Should You Invest Right Now or Take Your Money and Run?

Investing always carries a degree of risk, but uncertain times like these really bring that fear of loss to the forefront of people's minds. Though it might feel safer to keep your money locked up tight in a savings account, that's actually not the best move if you're trying to grow your wealth quickly. Here's what you need to know before you rule out investing.

Investing wins over the long term

Losses, no matter how small or short-lived, can be concerning, especially to those who are new to investing. But it's important to recognize that these ups and downs are normal, and they happen to the richest investors, too. Often, investments bounce back and you end up making money in the long term.

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Consider the S&P 500 index. This is a well-known market index that contains 500 of the largest publicly traded companies in the U.S. Over the past few decades, it's seen returns of over 30% in several years, but in 2008, it dropped 37%. While that definitely hurt, investors who held on were rewarded with strong returns over the following two years.

And over the last 30 years, the index has a 10.7% compound annual growth rate. That means on average, it returned 10.7% each year.

To put that in perspective, say you invested $10,000 and it earned a 10.7% average annual rate of return over 30 years. That single investment would be worth over $211,000. This doesn't factor in investment fees, but if you chose an S&P 500 index fund, for example, these would be minimal.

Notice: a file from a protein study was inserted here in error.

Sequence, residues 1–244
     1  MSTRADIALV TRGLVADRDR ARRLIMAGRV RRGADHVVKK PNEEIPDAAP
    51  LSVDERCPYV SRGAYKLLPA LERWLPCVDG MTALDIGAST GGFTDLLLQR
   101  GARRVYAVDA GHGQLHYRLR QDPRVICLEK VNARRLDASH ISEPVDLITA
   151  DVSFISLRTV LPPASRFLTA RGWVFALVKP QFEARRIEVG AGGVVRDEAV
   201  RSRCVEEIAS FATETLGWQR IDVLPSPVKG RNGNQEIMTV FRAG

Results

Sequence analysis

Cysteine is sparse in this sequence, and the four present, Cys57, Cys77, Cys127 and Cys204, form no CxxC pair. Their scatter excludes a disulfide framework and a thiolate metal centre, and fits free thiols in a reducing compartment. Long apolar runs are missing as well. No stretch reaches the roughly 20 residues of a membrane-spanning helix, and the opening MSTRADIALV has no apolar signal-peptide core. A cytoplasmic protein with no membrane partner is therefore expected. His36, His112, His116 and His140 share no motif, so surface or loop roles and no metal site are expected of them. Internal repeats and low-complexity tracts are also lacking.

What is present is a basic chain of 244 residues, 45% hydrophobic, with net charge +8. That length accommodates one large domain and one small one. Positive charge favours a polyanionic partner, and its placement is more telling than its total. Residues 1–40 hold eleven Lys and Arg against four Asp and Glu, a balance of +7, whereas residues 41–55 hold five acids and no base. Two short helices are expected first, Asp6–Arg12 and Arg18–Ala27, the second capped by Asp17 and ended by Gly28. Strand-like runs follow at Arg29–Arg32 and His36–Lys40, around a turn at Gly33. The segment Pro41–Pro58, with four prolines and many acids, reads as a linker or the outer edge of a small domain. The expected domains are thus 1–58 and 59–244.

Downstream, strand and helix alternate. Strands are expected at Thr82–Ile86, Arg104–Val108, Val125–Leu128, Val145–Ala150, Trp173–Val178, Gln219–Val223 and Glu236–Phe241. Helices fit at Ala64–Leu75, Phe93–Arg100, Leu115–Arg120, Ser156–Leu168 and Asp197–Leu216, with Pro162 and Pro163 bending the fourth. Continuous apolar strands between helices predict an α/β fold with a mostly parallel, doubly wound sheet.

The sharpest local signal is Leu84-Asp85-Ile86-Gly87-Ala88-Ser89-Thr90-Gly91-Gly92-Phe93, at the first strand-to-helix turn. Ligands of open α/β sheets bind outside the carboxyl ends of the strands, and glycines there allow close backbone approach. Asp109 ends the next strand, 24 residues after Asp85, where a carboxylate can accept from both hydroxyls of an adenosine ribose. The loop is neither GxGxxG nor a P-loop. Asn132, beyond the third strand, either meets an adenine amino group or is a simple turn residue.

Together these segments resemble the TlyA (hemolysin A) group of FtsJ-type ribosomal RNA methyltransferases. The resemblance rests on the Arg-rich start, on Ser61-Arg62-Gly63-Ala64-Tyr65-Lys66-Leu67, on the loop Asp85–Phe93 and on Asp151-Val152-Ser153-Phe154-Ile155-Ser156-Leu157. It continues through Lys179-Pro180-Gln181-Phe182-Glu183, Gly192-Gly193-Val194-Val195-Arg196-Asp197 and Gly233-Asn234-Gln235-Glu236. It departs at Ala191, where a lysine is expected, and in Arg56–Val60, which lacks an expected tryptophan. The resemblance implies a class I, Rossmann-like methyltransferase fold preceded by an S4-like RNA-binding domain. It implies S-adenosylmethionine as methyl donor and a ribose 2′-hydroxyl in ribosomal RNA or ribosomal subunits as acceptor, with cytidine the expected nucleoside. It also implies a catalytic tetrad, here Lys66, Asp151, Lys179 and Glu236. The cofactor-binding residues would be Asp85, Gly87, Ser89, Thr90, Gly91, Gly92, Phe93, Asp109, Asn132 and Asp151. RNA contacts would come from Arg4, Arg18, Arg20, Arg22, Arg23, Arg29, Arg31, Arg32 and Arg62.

By comparison, if you stuck your $10,000 in a savings account and left it there for 30 years, you'd probably receive a 2% annual percentage yield (APY) — and that's being generous. That would leave you with $18,114 at the end of 30 years, and this assumes you don't withdraw any money and your APY doesn't drop below 2%.

There's really no comparison. If you're trying to grow your wealth as quickly as possible, investing has to be a part of your strategy. If you stick to traditional savings accounts, inflation is slowly going to rob you of your buying power, and you'll have to set aside a lot more money every month to reach your goals.

But there's some money you should never invest

The examples above prove that investing can be a great choice for your long-term savings, but the risk of loss makes it a bad choice for money you might need soon. Short-term savings, perhaps for a car or home down payment, are best kept in a savings account if you plan to use it in the next few years. That way, you won't have to sell your investments at a loss when you need to tap these funds.

Your emergency fund is also best kept in a savings account. You never know when you'll need this money, so it has to be accessible and secure from loss. It's ultimately up to you how much you choose to stash here, but you definitely shouldn't go under three months of living expenses.

If you don't have an emergency fund, you should work on this first before you think about investing. It's key to maintaining your financial security, no matter what unexpected costs arise. But once you have that under control, throw the rest of your savings into a taxable brokerage account or retirement account, where it can grow faster.

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